Bill Clinton Opens Up About Muhammad Ali on the Campaign Trail

PHOTO: President Bill Clinton shakes hands with Muhammad Ali after presenting the former heavyweight champ with the Presidential Citizens Medals at the White House South Lawn Pavillion in Washington.PlayHarry Hamburg/NY Daily News Archive via Getty Images
WATCH Legendary Boxer Muhammad Ali Has Died at Age 74

Former President Bill Clinton delivered a personal and reflective speech today, talking to an intimate crowd in a neighborhood park about loved ones he's lost, and speaking openly about his affection for Muhammad Ali, the boxing champion who died Friday night.

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The president took on a somber tone, deviating from his political stump to talk about his friend.

"Last night, a friend of mine died, Muhammad Ali," Clinton said. "You couldn't decide, is this guy a boxer or a ballerina? The way he moved, the speed, the grace, the power. I knew it was something magical."

WHAT TO KNOW
  • President Bill Clinton delivered a personal and reflective speech today, talking to an intimate crowd in a neighborhood park about loved ones he’s lost. For the first time since the passing Muhammad Ali, President Clinton spoke openly about his affection for the boxing champion.

He praised Ali for his conscious decisions to be an activist, for opposing the Vietnam War and for developing his faith and political convictions.

"He made decisions, and he lived with the consequences of them. He never stopped being an American even as he became a citizen of the world," Clinton said.

Echoing the sentiments in a statement he released last night, the former president said that the once most recognizable man in the world was cheerful and humorous, even as he battled Parkinson's disease. He called Ali "greater than his legend," a man who overcame a lot of negative publicity due to the courage of his convictions.

"You want to be better than your publicity, not worse," Clinton said of Ali and then pivoting to his wife, Hillary Clinton, who is pursuing the Democratic presidential nomination. "She's that kind of person. Hillary's always going to be better than her publicity."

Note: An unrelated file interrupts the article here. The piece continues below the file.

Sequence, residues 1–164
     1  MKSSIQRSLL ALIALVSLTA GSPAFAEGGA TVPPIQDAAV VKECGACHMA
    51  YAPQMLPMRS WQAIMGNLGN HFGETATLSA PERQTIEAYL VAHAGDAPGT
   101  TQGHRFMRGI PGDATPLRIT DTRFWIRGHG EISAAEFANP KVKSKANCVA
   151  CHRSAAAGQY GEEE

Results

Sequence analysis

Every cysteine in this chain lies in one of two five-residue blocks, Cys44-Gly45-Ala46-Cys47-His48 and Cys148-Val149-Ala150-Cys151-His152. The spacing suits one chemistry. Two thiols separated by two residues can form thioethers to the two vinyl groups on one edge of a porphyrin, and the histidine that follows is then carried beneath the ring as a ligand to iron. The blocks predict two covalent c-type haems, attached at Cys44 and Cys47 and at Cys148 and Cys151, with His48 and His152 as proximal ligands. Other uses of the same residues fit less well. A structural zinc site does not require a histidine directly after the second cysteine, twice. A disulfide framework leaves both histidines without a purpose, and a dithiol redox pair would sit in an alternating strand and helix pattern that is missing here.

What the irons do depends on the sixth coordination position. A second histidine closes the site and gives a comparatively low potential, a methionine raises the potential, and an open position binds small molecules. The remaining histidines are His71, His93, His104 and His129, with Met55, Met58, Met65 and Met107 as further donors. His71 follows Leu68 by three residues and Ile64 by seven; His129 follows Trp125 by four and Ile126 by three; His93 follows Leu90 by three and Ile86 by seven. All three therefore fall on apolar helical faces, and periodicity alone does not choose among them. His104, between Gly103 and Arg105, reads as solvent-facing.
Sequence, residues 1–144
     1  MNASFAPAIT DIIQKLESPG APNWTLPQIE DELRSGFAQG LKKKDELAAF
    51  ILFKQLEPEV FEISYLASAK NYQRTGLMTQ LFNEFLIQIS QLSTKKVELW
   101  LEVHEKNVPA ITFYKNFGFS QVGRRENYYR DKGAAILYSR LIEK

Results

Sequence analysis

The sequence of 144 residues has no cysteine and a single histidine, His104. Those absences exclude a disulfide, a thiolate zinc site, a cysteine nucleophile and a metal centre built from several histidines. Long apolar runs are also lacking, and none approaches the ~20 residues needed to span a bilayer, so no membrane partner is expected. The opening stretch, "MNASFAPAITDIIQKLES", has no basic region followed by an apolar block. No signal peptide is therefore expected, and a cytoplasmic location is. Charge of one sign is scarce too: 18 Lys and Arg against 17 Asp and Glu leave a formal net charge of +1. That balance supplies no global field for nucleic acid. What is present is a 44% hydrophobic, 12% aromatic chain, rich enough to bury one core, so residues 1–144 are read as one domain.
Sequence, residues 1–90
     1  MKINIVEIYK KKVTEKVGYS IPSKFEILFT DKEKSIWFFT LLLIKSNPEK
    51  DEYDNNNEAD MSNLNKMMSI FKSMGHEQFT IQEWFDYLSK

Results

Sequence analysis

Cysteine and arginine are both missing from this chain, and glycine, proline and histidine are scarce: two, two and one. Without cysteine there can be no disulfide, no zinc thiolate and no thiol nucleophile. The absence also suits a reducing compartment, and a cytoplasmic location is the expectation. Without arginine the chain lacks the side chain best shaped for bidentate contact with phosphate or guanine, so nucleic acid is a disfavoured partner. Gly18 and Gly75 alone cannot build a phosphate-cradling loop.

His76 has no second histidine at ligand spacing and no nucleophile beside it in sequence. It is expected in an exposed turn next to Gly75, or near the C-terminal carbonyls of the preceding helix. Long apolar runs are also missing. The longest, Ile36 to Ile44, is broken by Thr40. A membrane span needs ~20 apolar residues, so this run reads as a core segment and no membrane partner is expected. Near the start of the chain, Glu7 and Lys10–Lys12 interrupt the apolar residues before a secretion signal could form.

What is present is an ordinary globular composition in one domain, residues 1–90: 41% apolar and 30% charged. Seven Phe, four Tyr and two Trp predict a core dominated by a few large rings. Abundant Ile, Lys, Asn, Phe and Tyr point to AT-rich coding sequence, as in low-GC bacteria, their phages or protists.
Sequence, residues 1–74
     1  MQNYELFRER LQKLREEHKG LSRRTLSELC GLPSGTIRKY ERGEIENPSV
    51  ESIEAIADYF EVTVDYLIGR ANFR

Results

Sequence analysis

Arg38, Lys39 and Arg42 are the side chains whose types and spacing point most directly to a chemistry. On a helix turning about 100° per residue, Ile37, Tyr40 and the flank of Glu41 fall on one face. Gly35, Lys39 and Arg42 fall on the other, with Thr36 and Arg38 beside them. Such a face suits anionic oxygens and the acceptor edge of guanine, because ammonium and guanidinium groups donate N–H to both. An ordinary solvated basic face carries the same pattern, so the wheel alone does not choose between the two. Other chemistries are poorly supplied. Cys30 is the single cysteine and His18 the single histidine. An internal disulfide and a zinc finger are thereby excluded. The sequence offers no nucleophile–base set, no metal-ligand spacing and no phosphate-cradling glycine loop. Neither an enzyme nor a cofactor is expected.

President Clinton will give a eulogy for Ali at an interfaith service on Friday in Louisville, Kentucky.

Clinton took more time to reflect on those closest to him whom he has lost, including his mother-in-law and mother. Both women were born in June.

"On this day is my late mother-in-law's birthday," Clinton said. "Two days from now is my mother's birthday. So we always in this week, we stop for a little bit and commemorate our parents' lives."

After saying this, the president said his mother and mother-in-law resented extra responsibilities that fell on women.

"So I think it would be a good thing to have a first woman president," Clinton said to cheers from the small, yet enthusiastic crowd.

He then recognized a man in the crowd with a "Bill Clinton for First Lady" T-shirt.

"Nothing would make me happier than to wear that shirt. Heck, I've made enough decisions in my life. I want to be told what to do. It's great," Clinton said.

The former president ended his speech on very somber and reflective terms talking about family and friendship, but he began his speech on a different note, tackling issues of immigration and for the first time he spoke publicly about Donald Trump's Trump University lawsuit, which was greeted with boos from the audience.

Trump has come under fire from both Democrats and Republicans for saying the judge presiding over the Trump University case is inherently biased because of his Mexican roots.

"He wants to get the judge off because his parents were Mexican immigrants," Clinton said. "Mr. Trump says he can't be my judge because his parents came here from Mexico, and I'm going to build a wall to keep him out. So you've got a choice, but first you got to vote in this primary on Tuesday."

The president took his immigration remarks a step further, criticizing Republicans, accusing them of stalling comprehensive immigration reform. Yet he praised former President George W. Bush for his inclusive views on the subject.

"George W. Bush, he was not afraid of immigrants," Clinton said. "He was not afraid to come to a place like this and say here's why I think you ought to vote for me. And I didn't agree with him on much. But he wasn't afraid."

Clinton continued on Bush: "He believed that people who were willing to come here and work and make the most of their lives should be able to do it and nobody in their party since then has believed that."

Clinton has beefed up his campaign efforts for his wife in California before the June 7 primary. He will visit several Los Angeles neighborhoods Sunday and travel up north to San Jose on Monday.

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